National correspondent

A man dodges a wake in floodwaters during the aftermath of Hurricane Harvey Aug. 27 in Houston. (Brendan Smialowski/AFP/Getty Images)

There are three ways in which climate change will continue to make storms like Hurricane Harvey more disastrous, in the way that a basement full of gasoline cans will make a house fire worse.

The first is that scientists expect that climate change will increase the number of heavy precipitation events. Rainstorms will be more severe. More rain will fall, flooding places like Houston.

The second is that ocean temperatures are warmer, and warmer water helps build the strength of hurricanes.

The third is that warmer water also takes up more volume — meaning that oceans are rising even before you consider the increase in ocean levels that follows from the melting of onshore glaciers. Higher ocean levels make flooding more common and mean higher surges when storms push water inland.

This last point, about the increased likelihood of flooding, is not a secret and it is not a theory. Flooding on the coasts is more common now than it was in the past and sea levels in those places are higher than they used to be.

Flooding is one of the most common causes of billion-dollar events — natural disasters that do $1 billion or more in damage. Flooding has been an expensive problem long enough that, decades ago, private insurers generally stopped offering flood insurance for homes. So the government stepped up, creating the National Flood Insurance Program to provide insurance to homeowners in areas prone to flooding. Private insurers cover the homes, but the bills are ultimately paid by the federal government. People who couldn’t be insured for flood damage before can under the NFIP, a program managed by Federal Emergency Management Agency.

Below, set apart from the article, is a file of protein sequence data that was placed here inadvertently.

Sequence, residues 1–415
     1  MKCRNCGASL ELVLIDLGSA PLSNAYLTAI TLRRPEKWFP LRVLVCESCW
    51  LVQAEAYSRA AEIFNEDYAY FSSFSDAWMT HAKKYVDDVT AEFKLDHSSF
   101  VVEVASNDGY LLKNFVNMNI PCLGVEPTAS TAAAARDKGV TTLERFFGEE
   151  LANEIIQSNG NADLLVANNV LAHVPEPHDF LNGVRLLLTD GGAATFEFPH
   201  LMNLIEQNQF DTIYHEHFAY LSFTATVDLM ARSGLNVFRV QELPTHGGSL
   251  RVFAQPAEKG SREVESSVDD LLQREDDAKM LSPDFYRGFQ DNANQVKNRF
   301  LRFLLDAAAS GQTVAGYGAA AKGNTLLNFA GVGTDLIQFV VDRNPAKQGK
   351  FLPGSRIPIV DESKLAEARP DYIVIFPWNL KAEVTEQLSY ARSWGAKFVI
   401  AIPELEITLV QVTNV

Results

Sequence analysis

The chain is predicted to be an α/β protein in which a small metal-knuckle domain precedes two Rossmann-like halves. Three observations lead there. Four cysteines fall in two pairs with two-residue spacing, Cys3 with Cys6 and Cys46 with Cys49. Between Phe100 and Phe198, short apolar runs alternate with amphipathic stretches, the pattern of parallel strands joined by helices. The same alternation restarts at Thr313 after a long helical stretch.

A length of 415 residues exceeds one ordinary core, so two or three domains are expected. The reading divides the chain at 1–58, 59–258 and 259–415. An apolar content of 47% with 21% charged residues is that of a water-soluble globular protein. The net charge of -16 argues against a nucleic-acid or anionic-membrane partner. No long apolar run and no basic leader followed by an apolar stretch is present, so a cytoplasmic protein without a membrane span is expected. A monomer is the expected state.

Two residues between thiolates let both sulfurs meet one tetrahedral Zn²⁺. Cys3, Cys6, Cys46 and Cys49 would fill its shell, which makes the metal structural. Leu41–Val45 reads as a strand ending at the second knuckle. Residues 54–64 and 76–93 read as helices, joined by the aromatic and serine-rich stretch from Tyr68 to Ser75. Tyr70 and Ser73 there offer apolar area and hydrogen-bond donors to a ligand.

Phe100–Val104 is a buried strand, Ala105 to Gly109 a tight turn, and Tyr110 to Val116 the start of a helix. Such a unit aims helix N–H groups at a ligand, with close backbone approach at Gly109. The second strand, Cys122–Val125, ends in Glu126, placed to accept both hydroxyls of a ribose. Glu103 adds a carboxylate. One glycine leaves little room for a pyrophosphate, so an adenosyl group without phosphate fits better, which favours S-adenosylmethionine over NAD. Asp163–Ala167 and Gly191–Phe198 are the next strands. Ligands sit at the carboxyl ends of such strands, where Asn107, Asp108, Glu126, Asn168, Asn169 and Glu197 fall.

But there’s a problem. As more people have moved into flood-prone areas and climate change has increased the likelihood of flooding, the NFIP has been overwhelmed by severe weather events.

From 1978 to 2004, the program generally took in more in payments than it paid out in losses.


Then, in 2005, Katrina hit. Losses for which NFIP was responsible that year neared $18 billion — an amount equal to all of the premiums paid from 1991 through 2005.

Then, in 2012, Sandy hit. Losses neared $10 billion. The cost of losses in the years of Katrina and Sandy combined equals nearly half of all of the premiums paid from 1978 to 2016.

Then, in 2016, there was a slew of major floods, four of which were billion-dollar events. NFIP was overwhelmed.


Bolstering the NFIP became a big political fight in the wake of Hurricane Sandy. A small part of it was about the location of the storm, battering Democratic northeastern states. (Sixty-seven Republicans, including current House Speaker Paul D. Ryan (R-Wis.) voted against an NFIP funding bill in January 2013.) Most of it, though, was real concern about the failure of the program to pay its own bills. The NFIP is $24.6 billion in debt.

That problem, though, comes down to politics.

The Government Accountability Office describes the problem with the NFIP as follows: “Since the program offers rates that do not fully reflect the risk of flooding, NFIP’s overall rate-setting structure was not designed to be actuarially sound in the aggregate, nor was it intended to generate sufficient funds to fully cover all losses.” In other words, the NFIP charges less than it needs to.